There are a number of unpublished and/or recently deleted posts sitting in a folder on my desktop. I could at any moment publish any number of such posts, but I disdain because I don’t want to be perceived as vomiting on my readers. However, I do think I ought to make some kind of communicative statement as to why these as-yet-unpublished or no-longer-published posts exist.
Recently, I gave up writing in an online diary I have kept, in one form or another, since 2002, almost fifteen years to this day. When I began the online diary, I had only been online for about three years. The Internet was still new and fascinating to me. I ran across a site called DiaryLand, where I quickly observed that people were actually publicizing all the details of their inner daily weirdness. This intrigued me. In some cases, they would code-name the true identities of people and places in their lives, so as not to be “found out.” In other cases, they would utilize the option to “lock” the diary, and have it be password-protected. That way, one could be more lenient about their location and the basic first names of their associates, but the readership would be restricted only to those who could be trusted with the information.
Eventually, I opted for the latter. At the time that I left the diary site, approximately one month ago, there were only five readers with permissions to read my diary. I was pretty sure I trusted them all — but that was no longer the critical issue. The issue became my dependency on the diary, and in particular, on the dubious practice of letting off steam or “ranting” whenever I felt a need to work through my frustrations. While it might have been healthy to “rant” in the short-term, it seemed actually to further my anger issues in the long run. I basically had become addicted to letting off steam. In other words, my online temper, through the medium of this online diary, took on a form that was much more furious than whatever temper I might have actually been displaying in real life. Many times, I showed not the slightest bit of real-life irritation while I proceeded to rage online over how badly I wanted to give somebody a piece of my mind. In fact, it started to feel as though the diary had become the venue where fits of temper could be safely and legitimately performed. Still, it seemed a performance of questionable box-office value, if you ask me.
It wasn’t just the ranting that eventually got to me. It was the hyperbole — all the dramatizing I would apply to the details of my life. It seemed I had an Artist’s need to make the situation somehow more engaging, more compelling to a readership than a mere, dry diary could ever possibly be. So naturally, I asked myself why I should not apply all those devices to my real writing? It just seemed I was barking up the wrong tree.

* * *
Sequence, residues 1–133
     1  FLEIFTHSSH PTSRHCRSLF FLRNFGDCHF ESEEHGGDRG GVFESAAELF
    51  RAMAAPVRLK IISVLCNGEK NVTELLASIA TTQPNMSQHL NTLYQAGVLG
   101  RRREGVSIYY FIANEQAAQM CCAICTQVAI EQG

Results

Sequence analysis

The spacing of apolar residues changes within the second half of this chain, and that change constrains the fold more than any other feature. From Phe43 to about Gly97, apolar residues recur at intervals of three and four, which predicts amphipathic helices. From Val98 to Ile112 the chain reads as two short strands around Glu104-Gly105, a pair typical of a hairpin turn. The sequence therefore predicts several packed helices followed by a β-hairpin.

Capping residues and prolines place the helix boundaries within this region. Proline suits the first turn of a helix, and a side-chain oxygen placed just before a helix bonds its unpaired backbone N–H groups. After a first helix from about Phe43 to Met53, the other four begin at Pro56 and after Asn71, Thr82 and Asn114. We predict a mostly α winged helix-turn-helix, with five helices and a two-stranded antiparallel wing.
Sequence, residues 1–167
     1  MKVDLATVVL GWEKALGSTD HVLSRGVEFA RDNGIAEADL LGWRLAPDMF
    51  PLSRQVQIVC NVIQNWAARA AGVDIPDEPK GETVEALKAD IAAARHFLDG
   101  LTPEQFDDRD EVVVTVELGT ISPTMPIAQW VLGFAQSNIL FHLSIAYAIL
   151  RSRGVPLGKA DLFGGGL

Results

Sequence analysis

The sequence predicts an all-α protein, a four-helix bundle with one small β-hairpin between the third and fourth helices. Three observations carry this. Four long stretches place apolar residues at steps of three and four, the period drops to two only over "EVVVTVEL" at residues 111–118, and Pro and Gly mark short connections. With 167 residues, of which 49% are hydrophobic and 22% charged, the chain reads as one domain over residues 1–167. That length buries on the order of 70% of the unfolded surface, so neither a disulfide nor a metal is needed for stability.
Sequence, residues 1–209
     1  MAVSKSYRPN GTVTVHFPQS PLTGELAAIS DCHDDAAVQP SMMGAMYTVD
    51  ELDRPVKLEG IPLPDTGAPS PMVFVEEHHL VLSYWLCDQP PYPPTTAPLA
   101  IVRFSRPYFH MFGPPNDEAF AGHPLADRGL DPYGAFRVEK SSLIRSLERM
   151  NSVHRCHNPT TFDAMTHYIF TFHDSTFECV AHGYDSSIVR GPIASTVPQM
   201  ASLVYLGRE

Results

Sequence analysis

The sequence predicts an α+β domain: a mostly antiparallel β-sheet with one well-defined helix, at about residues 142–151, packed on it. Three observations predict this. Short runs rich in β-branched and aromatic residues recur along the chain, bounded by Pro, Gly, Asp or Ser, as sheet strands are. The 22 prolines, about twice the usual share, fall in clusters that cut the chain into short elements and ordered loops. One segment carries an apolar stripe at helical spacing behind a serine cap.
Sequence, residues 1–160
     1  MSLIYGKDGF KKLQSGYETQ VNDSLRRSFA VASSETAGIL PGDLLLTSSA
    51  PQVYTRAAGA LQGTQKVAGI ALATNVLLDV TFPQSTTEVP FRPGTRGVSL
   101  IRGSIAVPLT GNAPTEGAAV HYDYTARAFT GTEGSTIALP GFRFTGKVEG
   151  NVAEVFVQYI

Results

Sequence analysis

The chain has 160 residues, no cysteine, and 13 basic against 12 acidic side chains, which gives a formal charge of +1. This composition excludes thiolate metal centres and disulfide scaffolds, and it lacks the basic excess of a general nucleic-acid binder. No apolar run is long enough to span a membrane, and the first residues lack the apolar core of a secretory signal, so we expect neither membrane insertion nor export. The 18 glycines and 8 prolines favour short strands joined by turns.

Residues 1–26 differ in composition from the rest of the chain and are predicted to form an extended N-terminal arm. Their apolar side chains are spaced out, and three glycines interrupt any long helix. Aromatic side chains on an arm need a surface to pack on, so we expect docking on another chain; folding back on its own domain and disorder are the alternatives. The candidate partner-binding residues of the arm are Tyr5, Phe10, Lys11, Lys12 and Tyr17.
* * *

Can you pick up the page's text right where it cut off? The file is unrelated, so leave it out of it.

Because the Internet was fresh and exciting in the year 2002, I jumped right onto the online-diary bandwagon, at a time when the word “blog” was almost unknown in the common nomenclature. The online diary did shape my attitude toward blogging, but I would never have gone for it if it had arisen in my life today. It was the novelty of the Internet that was at the core of its appeal. Because I understand this now, I am able to keep my commitment not to return to the site, no matter how addictive I found it to be. The Internet is simply no longer a “novelty,” and so a decision I made on that basis no longer applies.
This has, however, left a void. So, if you have found that I am posting a bit more often than usual, know that I’m in the process of trying to fill a void. This might also cause some of my posts to be more personal than earlier. Be that as it may. I found that when I wrote on DiaryLand about my creative work, very few people responded favorably. People mainly wanted to hear things more along the lines with of my crush on the lady cab driver, which bills I was postponing paying for what reasons, or how much progress I was making not trying to scratch the scab off the top of my head. I do miss discussing such mundane topics – but as they say, there’s a time and a place for everything. It just seemed like – it wasn’t the time or the place any longer. It was only an old habit — dying hard, as do they all.
Ah well – I’m about to attend somebody’s graduation party. I did manage to engage the interest in the young woman Aubrey whom I mentioned may be singing on my demo. I also forged ahead to Version 2-M of my Long Version, before I realized that it had basically peaked on Version 1-Z, the presently posted rendition. I feel like I’m moving a bit too slow — on this demo project, and everything else. There’s too much precognition going on, and not enough action. This makes me restless. But otherwise, it’s six o’clock on a Sunday evening in the city of my dreams – and all’s well.